How Do I Know If My Turntable Speed Is Correct?

strobe light on turntable platter to check the speed of the spinning record

Do you ever feel like maybe your turntable is playing a little too fast or slow? In today’s turntable guide, I’ll tell you exactly how to gauge its speed and get it spinning correctly.

How do I know if my turntable speed is correct? You can determine if your turntable speed is correct through many means, including apps, strobe discs, speed controls, back timing, and printable speed discs. Once you’re sure your turntable is too slow or fast, then it’s just a matter of adjusting it.

In today’s guide, I’ll walk you through your options for determining if the speed of your turntable is too fast or too slow. No matter which speed your turntable is at, I’ll also present solutions for restoring it to normal speed, so check it out! 

The 5 Easiest Ways to Find Out If A Turntable’s Speed Is Correct

If you have a hunch that your turntable speed is all out of whack, you can use some easy, fast, and inexpensive methods for confirming it. Here are my top five. 

Turntable Speed App

The app store has an app for just about anything and everything nowadays, so it shouldn’t surprise you in the least that there are several apps for checking the speed of your turntable. 

The crux of the app is that it measures two things in a turntable, flutter and wow. Both are a measure of distortion and pitch and should not exceed .25 percent.

One of the most trusted and highly-rated turntable speed apps is called RPM – Turntable Speed Accuracy by Philip Broder.

The app is designed for gauging both flutter and wow. It has more than 8,600 entries (and more being added all the time) to help you make sense of your turntable’s level of flutter, wow, and speed variations.

The RPM – Turntable Speed Accuracy app is supported by Rega Research Ltd., which produces turntables, so that’s a pretty big name to vouch for the app!

At current, the RPM – Turntable Speed Accuracy app is only available on the Apple App Store for iPhone devices.

If you don’t have an Apple device, the RPM Speed & Wow app by Andrea Martignano on the Google Play Store is just as good.

The app is designed for determining how much flutter and wow your turntable has in values as well as the minimal and maximum variations and the average speed.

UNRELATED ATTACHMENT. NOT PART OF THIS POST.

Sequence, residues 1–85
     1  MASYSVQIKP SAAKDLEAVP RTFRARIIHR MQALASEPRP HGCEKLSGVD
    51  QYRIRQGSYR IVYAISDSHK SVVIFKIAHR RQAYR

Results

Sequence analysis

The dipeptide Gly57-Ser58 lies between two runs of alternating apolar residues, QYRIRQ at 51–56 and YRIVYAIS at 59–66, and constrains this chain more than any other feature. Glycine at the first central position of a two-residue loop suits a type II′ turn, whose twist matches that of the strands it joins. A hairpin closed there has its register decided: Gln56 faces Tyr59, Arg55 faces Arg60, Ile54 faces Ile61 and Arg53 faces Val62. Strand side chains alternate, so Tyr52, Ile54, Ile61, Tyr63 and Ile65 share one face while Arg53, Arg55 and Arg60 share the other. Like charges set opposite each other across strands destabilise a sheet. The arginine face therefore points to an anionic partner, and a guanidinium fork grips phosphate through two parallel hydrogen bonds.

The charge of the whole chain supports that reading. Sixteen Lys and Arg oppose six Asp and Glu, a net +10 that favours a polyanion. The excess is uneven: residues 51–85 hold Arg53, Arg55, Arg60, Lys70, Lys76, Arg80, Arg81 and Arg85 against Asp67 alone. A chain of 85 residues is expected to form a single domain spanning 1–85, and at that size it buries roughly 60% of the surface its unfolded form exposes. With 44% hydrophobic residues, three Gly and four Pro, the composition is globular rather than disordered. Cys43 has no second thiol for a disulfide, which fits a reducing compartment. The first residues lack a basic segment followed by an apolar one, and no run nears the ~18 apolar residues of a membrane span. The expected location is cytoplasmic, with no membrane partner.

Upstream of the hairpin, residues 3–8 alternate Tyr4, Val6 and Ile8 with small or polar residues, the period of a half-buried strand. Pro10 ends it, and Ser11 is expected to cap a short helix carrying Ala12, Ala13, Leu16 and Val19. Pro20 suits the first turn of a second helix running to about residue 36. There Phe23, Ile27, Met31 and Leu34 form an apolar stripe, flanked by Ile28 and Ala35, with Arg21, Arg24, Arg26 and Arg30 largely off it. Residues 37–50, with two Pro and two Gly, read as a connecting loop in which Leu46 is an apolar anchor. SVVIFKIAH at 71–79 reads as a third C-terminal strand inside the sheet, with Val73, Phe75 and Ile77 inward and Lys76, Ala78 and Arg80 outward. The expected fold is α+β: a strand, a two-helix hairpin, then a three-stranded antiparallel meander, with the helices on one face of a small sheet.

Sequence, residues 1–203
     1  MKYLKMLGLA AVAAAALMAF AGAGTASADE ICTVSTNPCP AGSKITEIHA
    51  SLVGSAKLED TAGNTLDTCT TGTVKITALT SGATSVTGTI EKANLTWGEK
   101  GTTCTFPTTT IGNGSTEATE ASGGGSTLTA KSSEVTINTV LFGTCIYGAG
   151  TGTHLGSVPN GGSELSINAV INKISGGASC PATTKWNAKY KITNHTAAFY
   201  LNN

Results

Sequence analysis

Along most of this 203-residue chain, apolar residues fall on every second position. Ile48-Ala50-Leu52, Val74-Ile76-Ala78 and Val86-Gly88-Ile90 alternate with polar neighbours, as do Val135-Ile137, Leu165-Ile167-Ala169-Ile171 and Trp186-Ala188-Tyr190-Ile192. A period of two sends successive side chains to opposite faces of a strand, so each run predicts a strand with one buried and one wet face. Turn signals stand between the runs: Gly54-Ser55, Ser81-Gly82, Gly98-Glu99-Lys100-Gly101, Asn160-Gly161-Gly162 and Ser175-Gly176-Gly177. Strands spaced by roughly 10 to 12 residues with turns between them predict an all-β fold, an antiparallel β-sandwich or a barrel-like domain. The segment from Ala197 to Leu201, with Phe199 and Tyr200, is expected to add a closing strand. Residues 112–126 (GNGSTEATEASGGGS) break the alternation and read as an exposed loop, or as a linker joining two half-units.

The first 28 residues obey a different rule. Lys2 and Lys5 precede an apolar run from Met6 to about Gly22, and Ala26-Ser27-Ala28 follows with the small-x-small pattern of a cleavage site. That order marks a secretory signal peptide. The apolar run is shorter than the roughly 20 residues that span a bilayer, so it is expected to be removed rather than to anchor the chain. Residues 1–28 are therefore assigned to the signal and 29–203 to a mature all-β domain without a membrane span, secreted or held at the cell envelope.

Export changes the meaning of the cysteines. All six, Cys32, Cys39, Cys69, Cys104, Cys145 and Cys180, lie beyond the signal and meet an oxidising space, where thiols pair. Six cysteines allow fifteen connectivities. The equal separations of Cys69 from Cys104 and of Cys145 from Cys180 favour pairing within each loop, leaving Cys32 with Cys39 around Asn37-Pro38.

All you have to do to use the app is turn on your turntable, put your phone near it, and then run the app. 

After 10 seconds, the RPM Speed & Wow app will review the speed of your turntable and then begin generating other pertinent data.


Your next option to know if your turntable speed is correct is to use a stroboscope or a strobe. 

Many turntables already include strobes anyway that produce light between 100 and 120 times per second depending on if yours is a 50-hertz or 60-hertz strobe. 

Your vinyl record might have lines or dots, or the turntable platter will. Either way, those lines and dots are illuminated by the stroboscope every time your record spins.

You will have to get used to how your stroboscope works so you can count the number of illuminations per rotation. 

This will require you to have a baseline speed that you can then use to compare whether your current turntable speed is too slow or too fast. 

Back Timing 

If looking at a strobe light for possibly hours doesn’t sound like the best way to spend your time (or use your precious eyesight), you can always try another method that vinyl enthusiasts like to use to gauge their turntable speed.

It’s known as back timing.

You choose a record out of your collection that you know plays at a certain speed. Then you’d sit down, listen, and track the number of beats per minute. 

Once you have the BPM data, you can then compare that to your turntable speed to know if it’s too fast, too slow, or just right. 

Speed Disc

The fourth way to know if your turntable speed is correct involves a printed disc and a lamp or a strobe.

You’d print either a 50-hertz paper disc or a 60-hertz paper disc according to your turntable’s stroboscope settings.